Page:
Where Art And Science Are Compatible
Glen Ring And His View On Futures
by Jayanthi Gopalakrishnan
One of the nation's most respected market analysts with 34 years of experience in the commodity industry, Glen Ring brings a broad-based perspective to his work. He has been a producer/hedger, broker, trader, technical analyst, researcher and seminar speaker, and from 1987 through 1997 he was editor of the successful Trends In Futures (previously titled Commodity Close-Up) newsletter before leaving to concentrate on his own newsletter, View On Futures.
Currently, he is president of Glen Ring Enterprises, which focuses on providing information, education, research, and support for traders, analysts, and other participants in the futures industry. STOCKS & COMMODITIES Editor Jayanthi Gopalakrishnan spoke with Glen Ring in a phone interview on June 9, 2006.
My rules are my rules, but I recognize what is going on, and in my view, art and science are compatible.
Glen, how did you get started?
I got interested in the markets when I was in high school in the early 1970s. Dad was a farmer, and I was in partnership with him raising livestock. He was aware of markets but not much, but he suggested that I keep an eye on them, so I did. About 1972, or shortly after, Successful Farming magazine had an article about the hog cycle. I think they called it a "three-and-a-half-year" cycle at the time. It made a lot of sense to me that every time prices were high, we didn't have many hogs, and every time prices were low, we had a lot of hogs.
Dad died when I was in college. I ended up farming and going to college at the same time, running back and forth 300 miles on the weekends. He had been sick for years and we were in debt. I could see I wasn't going to be able to outproduce other farmers who were in better financial shape than I was. That, together with my being intrigued with the commodity markets, was what really got me started. I felt I had my best chance to outmarket people.
What did you do?
At that time I was on two tracks. I was heavily involved in finding unique merchandising opportunities, like sunflowers for the birdseed markets. The other track was educational. The extension service at South Dakota State University offered a marketing class in agriculture. I would travel to those programs under a young farmer-rancher program. I started studying more about the markets. I was mathematically inclined, so I found fundamental analysis attractive. But I never could get that hog cycle story from the early 1970s out of my mind. There had to be something there. So I really started following the markets.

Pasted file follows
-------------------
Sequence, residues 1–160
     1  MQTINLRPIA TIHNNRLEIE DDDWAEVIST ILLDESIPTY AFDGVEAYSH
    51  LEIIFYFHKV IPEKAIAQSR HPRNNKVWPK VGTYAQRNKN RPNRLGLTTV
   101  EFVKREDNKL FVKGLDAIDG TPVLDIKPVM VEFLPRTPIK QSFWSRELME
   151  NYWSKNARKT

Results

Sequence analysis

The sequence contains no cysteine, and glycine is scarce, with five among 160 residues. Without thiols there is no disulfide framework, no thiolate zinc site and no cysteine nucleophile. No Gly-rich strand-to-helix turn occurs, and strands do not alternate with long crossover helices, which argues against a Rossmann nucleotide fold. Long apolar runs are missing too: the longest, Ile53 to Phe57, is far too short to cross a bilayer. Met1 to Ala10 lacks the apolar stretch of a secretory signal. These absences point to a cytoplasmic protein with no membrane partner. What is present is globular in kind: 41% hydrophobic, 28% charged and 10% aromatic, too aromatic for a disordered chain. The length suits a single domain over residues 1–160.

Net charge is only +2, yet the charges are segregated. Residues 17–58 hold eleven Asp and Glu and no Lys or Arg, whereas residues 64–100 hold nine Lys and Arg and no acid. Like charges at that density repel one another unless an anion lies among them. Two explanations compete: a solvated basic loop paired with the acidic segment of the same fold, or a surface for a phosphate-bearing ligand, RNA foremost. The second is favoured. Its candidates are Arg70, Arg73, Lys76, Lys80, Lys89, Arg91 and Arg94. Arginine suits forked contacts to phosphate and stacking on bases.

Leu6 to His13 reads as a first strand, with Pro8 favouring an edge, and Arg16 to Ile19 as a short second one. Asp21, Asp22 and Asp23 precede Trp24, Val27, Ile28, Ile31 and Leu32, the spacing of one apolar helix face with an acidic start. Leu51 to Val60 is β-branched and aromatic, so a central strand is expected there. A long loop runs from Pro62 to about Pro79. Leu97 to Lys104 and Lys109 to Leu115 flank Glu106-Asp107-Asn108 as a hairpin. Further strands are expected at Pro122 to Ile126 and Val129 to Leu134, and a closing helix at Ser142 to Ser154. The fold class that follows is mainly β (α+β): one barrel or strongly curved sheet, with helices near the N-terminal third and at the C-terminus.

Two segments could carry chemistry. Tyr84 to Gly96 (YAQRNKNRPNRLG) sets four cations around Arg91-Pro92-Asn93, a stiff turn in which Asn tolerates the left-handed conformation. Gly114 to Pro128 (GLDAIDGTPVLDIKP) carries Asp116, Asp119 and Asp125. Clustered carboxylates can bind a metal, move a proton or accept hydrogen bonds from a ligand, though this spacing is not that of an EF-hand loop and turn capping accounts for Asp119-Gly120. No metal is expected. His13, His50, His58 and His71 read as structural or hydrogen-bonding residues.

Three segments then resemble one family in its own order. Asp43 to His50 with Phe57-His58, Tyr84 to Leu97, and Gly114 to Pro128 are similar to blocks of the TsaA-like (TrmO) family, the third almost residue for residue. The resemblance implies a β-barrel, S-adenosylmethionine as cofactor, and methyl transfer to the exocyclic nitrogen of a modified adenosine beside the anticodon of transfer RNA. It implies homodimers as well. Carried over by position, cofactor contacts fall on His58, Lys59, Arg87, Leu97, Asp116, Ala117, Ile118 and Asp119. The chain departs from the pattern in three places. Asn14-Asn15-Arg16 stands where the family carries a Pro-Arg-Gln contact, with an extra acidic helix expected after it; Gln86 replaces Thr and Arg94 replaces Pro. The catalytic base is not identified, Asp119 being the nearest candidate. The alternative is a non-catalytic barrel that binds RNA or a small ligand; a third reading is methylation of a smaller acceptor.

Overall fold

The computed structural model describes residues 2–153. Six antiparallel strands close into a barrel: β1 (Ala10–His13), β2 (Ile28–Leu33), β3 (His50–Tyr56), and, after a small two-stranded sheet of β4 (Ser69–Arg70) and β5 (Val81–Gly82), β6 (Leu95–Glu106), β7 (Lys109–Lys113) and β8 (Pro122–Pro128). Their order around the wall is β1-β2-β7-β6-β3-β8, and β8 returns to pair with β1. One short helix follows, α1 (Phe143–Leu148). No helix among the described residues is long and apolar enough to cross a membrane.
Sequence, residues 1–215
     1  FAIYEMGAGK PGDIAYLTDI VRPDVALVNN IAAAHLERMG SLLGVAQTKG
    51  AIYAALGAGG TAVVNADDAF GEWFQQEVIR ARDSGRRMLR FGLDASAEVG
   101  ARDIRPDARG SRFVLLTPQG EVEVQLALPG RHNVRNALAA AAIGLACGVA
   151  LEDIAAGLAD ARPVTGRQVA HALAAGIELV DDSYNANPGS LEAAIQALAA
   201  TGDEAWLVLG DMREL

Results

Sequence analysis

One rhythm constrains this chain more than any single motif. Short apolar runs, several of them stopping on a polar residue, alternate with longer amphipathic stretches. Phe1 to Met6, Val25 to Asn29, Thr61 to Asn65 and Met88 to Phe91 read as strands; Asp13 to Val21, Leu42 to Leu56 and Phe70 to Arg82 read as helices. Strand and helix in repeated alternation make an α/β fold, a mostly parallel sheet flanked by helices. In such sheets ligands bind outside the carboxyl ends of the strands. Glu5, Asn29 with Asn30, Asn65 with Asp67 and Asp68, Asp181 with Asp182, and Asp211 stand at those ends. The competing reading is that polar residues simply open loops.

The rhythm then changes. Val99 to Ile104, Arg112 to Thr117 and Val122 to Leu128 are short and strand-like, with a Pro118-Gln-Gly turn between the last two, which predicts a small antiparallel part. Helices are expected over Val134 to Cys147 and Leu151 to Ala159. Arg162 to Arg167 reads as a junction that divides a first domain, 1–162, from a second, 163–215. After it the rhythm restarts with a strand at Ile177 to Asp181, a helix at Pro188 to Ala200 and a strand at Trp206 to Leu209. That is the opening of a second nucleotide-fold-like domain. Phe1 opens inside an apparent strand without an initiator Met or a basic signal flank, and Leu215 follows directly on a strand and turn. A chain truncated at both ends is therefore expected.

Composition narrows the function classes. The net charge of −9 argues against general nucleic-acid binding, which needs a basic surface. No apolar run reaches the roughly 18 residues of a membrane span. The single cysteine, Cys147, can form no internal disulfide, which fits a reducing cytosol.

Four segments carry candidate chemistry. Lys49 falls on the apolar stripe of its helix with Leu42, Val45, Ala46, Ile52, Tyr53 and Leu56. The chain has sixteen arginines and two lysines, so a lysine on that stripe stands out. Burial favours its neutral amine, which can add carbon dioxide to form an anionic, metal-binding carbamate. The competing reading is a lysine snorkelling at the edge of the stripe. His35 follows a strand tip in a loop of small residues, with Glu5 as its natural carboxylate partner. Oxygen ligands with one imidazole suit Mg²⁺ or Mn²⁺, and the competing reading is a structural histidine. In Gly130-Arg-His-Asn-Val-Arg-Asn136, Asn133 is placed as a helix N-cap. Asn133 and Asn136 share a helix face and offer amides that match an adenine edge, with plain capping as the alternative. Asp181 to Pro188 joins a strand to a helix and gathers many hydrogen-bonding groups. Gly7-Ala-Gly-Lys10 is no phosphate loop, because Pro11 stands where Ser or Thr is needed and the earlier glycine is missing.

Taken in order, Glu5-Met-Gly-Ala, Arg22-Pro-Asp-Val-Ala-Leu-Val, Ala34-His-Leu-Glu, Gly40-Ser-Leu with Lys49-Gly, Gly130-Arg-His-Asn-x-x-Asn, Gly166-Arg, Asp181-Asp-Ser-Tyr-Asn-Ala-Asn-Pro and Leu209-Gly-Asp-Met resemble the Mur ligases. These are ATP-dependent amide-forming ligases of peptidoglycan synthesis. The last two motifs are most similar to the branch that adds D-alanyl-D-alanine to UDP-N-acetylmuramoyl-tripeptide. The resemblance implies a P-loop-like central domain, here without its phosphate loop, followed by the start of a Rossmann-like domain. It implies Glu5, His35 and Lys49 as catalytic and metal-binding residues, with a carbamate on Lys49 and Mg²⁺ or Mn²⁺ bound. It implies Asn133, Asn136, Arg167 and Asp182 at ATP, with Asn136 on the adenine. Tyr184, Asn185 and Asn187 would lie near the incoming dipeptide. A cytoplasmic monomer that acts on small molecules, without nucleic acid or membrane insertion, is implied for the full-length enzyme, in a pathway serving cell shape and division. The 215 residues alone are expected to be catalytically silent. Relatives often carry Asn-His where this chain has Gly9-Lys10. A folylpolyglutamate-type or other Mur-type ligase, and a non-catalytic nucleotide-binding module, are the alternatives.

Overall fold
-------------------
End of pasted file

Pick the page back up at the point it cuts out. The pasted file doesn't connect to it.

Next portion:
I learned that there was a psychological element to the markets. I started to collect information, trying to understand the markets. Later, I was able to make sense of it. I stayed on the farm until the late 1970s. I hooked up with a commodity firm to start trading and hedging and started to look at having a future there. When the major cycle indicated to me that commodities were topping in 1980, and we were having a hard time making ends meet when things were good, I could tell that we were due for a major cyclical decline in agriculture.
So what did you do?
I got out of farming and became a commodity broker. That was the only job I could find in the futures industry at the time. I hated it, but I met people who allowed me to develop my analytical skills. I studied the markets 12 to 18 hours a day. I became obsessed trying to figure out how markets worked.
What did you find out?
At first, I tried to apply statistics to the markets. That was very valuable, but I wasn't able to take a mathematical approach to it that satisfied me. I was trying to figure out how to predict the markets perfectly. I was after the wrong goal, but I learned a lot.
To make a long story short, I went through the idea that there were various sciences that try to explain or match the markets in terms of an analogous basis. Would mathematics explain it, or would a structure, like the Elliott wave, explain the physiological terms of a behavior pattern? I could only find one science that meshed with what markets were in terms of distribution patterns.
...Continued in the August 2006 issue of Technical Analysis of STOCKS & COMMODITIES
Excerpted from an article originally published in the August 2006 issue of Technical Analysis of STOCKS & COMMODITIES magazine. All rights reserved. © Copyright 2006, Technical Analysis, Inc.
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